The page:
Venezuelan opposition lawmakers said they were struck and shoved into a ditch by police who broke up an anti-government protest on Monday.
"A national guard struck my companion (lawmaker) Miguel Pizarro and threw me into that ditch. Those guards went crazy," deputy Juan Requesens told reporters at the scene of the incident on a highway in eastern Caracas.
It was the latest in more than two months of clashes between police and protestors who are demanding elections to replace President Nicolas Maduro.
Public prosecutors say 65 people have been killed in the unrest since early April.
Pizarro and Requesens are lawmakers of the center-right Justice First party, part of an opposition coalition campaigning against the socialist president.
Pizarro said they were assaulted by riot police when they joined a group of protestors who were trying to occupy the Francisco Fajardo highway.
"They surrounded us when we were coming on to the highway. They punched me in the mouth, they hit me with a shield and fired tear gas," Pizarro told reporters.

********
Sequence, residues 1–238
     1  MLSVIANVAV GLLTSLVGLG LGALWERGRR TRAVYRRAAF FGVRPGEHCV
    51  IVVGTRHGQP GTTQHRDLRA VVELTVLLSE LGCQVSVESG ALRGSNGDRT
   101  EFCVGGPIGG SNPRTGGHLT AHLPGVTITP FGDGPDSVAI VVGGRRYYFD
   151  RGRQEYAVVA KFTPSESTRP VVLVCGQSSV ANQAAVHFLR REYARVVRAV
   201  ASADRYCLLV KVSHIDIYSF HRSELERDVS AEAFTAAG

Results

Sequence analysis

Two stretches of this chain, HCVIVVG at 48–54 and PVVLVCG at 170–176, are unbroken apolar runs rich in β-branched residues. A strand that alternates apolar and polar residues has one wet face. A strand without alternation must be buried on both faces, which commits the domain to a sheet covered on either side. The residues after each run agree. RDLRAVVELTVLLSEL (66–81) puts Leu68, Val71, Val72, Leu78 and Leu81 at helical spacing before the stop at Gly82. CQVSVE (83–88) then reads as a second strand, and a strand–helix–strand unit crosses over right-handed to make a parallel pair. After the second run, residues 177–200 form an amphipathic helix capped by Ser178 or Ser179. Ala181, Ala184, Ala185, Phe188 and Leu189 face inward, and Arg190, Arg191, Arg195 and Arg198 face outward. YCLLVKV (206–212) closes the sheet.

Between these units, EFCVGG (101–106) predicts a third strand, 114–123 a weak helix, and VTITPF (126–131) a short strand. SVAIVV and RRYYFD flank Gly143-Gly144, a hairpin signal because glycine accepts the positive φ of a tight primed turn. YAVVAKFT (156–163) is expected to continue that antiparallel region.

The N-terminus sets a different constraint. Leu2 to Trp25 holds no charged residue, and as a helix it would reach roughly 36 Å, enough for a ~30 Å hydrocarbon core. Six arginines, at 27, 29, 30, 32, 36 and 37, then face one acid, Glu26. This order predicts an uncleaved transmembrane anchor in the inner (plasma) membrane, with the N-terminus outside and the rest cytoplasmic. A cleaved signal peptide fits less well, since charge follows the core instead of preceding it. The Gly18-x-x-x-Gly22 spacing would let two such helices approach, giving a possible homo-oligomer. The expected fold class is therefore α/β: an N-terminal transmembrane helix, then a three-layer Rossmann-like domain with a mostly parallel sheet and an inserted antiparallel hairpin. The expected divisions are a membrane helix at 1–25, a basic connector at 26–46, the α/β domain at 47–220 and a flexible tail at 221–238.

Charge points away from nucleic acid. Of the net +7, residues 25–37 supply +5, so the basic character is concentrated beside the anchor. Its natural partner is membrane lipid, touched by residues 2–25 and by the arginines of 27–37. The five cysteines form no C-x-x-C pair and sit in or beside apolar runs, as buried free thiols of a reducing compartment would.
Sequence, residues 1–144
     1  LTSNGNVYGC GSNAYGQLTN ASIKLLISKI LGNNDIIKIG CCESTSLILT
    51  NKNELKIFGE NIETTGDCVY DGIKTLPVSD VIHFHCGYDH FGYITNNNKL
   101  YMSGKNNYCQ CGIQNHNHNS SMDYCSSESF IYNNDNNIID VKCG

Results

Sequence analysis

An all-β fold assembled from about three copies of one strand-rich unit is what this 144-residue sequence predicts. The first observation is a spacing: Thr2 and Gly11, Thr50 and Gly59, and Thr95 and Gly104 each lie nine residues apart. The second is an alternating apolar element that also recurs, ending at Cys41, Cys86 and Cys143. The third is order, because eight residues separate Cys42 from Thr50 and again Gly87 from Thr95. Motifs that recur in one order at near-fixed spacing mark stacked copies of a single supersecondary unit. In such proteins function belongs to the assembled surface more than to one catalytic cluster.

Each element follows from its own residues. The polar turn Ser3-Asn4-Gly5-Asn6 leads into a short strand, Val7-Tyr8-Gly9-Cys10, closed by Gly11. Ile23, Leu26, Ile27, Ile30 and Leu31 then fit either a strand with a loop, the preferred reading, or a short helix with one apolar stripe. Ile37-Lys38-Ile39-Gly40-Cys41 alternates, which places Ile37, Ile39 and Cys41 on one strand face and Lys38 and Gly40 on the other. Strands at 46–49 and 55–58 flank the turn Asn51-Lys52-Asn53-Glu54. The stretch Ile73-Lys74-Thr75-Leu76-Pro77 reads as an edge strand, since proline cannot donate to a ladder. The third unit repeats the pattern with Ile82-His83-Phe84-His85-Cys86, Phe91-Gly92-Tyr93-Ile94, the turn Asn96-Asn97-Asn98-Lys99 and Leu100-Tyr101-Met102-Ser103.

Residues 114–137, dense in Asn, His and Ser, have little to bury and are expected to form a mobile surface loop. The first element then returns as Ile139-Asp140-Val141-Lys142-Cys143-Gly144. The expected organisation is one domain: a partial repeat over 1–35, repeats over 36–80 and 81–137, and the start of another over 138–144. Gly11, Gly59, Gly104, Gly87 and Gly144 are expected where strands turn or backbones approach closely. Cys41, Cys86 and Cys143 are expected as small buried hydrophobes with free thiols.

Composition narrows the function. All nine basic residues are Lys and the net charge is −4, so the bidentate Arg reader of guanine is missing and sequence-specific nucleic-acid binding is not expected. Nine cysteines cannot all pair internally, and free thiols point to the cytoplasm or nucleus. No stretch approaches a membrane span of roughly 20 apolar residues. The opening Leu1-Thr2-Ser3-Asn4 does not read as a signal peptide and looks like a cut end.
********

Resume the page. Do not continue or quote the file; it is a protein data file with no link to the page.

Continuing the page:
"Do not let this violence deter us. We will not surrender."
Riot police broke up groups of demonstrators who gathered at various points in the city aiming to converge on the highway.
Some of the demonstrators shouted "Freedom, freedom," and "We want food."
The opposition blames Maduro for severe food and medicine shortages in the oil-rich nation.
Protestors have been clashing daily with riot police. They accuse the authorities of repressing them, while Maduro brands them insurgents and terrorists.
He says the crisis is a US-backed conspiracy.
Elected in 2013, Maduro has launched moves to reform the constitution in response to the protests, but his opponents say the move is merely a ploy to strengthen his hold on power.